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Nissan Brings 4.75 MW Solar Energy Facility Online In UK, Now Powering LEAF Production

A new 4.75 megawatt solar energy installation was recently brought online by Nissan outside of the company’s Sunderland production plant in the UK, according to reports.

The new solar photovoltaic (PV) power plant will — along with 6.6 megawatts (MW) of previously installed wind energy generation capacity at the manufacturing plant — help to power the Japanese firm’s largest production plant in Europe. Specifically, it will help to power the manufacture of the all-electric Nissan LEAF units produced there.

Nissan LEAF solar wind farm UK Nissan Solar Farm Sunderland

The new solar energy facility is comprised of around 19,000 solar PV panels. The previously installed (back in 2005) 6.6 MW of wind energy generation capacity is comprised of 10 wind turbines.

Altogether, the two renewable energy installations possess a nameplate generation capacity of more than 11 MW. Electricity generated by the installations should account for around 7% of the facility’s annual electricity needs, according to a recent press statement. That’s enough electricity to manufacture around 31,374 electric vehicles a year.

The recent connection of the solar project was used to mark the 30th anniversary of the Sunderland plant. Installation was completed by European Energy Photovoltaics. Notably, the new solar energy installation is located within the loop of the facility’s test-drive track — an otherwise unused bit of space.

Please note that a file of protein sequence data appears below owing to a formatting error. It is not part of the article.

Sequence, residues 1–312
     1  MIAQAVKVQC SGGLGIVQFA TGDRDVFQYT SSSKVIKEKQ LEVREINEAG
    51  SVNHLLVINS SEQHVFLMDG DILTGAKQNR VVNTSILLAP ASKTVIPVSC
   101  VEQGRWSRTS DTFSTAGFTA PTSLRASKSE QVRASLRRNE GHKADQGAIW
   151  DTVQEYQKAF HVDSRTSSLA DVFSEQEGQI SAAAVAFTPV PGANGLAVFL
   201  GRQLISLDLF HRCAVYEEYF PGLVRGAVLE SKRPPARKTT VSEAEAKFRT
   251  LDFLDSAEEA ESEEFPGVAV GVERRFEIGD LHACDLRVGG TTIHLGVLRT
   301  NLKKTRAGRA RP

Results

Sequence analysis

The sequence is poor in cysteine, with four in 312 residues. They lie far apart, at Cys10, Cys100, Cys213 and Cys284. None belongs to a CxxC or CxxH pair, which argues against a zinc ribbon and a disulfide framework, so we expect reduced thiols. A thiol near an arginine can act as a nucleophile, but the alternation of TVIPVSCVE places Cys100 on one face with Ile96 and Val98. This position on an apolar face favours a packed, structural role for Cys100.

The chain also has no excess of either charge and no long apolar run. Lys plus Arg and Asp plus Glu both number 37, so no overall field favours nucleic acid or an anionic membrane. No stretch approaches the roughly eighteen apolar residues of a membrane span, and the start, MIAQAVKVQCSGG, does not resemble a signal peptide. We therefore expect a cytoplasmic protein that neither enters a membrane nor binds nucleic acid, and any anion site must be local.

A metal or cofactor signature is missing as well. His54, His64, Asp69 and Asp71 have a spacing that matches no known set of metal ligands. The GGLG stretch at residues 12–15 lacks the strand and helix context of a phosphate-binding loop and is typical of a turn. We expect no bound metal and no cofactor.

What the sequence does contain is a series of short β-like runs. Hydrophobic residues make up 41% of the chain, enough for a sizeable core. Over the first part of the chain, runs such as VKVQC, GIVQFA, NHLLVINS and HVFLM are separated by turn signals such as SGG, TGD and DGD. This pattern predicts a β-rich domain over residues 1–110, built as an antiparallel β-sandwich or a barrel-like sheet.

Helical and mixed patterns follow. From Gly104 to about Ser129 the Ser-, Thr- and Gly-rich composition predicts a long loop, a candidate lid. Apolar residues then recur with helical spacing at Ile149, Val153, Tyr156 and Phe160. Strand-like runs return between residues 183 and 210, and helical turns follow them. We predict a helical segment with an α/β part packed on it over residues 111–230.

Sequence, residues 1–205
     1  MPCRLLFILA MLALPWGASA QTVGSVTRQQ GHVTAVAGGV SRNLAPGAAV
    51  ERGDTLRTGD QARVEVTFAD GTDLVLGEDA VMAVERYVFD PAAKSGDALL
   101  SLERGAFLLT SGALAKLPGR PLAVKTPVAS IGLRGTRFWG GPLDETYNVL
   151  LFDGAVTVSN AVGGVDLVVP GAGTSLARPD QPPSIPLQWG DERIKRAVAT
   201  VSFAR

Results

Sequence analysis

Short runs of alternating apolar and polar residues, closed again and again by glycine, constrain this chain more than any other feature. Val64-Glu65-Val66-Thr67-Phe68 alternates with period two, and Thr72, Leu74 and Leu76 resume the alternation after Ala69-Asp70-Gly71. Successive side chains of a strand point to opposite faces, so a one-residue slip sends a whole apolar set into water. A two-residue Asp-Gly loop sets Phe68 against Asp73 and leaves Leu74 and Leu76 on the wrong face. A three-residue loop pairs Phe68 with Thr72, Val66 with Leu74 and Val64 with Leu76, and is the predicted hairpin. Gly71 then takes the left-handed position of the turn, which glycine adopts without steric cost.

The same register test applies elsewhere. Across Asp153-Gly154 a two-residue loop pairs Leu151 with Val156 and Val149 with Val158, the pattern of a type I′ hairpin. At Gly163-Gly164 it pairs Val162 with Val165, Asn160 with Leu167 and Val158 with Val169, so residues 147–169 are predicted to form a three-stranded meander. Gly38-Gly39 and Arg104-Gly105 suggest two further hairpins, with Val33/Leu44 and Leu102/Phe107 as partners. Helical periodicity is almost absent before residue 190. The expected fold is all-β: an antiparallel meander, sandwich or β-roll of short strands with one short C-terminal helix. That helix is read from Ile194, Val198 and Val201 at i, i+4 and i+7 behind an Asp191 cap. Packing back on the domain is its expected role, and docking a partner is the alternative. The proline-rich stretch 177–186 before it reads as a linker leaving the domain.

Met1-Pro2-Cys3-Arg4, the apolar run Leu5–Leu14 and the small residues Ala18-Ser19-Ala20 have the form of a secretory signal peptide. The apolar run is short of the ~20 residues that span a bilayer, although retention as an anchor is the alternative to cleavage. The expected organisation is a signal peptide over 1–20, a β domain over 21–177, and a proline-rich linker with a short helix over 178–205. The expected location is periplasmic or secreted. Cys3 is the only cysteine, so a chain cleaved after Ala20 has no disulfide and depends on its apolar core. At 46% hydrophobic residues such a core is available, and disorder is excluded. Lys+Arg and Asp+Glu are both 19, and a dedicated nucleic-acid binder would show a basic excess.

Nissan’s Senior Vice President for Manufacturing, Purchasing, and Supply Chain Management in Europe, Colin Lawther, commented: “With 10 wind turbines already generating energy for our Sunderland plant, this new solar farm will further reduce the environmental impact of Nissan vehicles during their entire lifecycle.”

And will provide the manufacturing facility with some resiliency against power outages as well, presumably.

 
Written By

James Ayre's background is predominantly in geopolitics and history, but he has an obsessive interest in pretty much everything. After an early life spent in the Imperial Free City of Dortmund, James followed the river Ruhr to Cofbuokheim, where he attended the University of Astnide. And where he also briefly considered entering the coal mining business. He currently writes for a living, on a broad variety of subjects, ranging from science, to politics, to military history, to renewable energy. You can follow his work on Google+.

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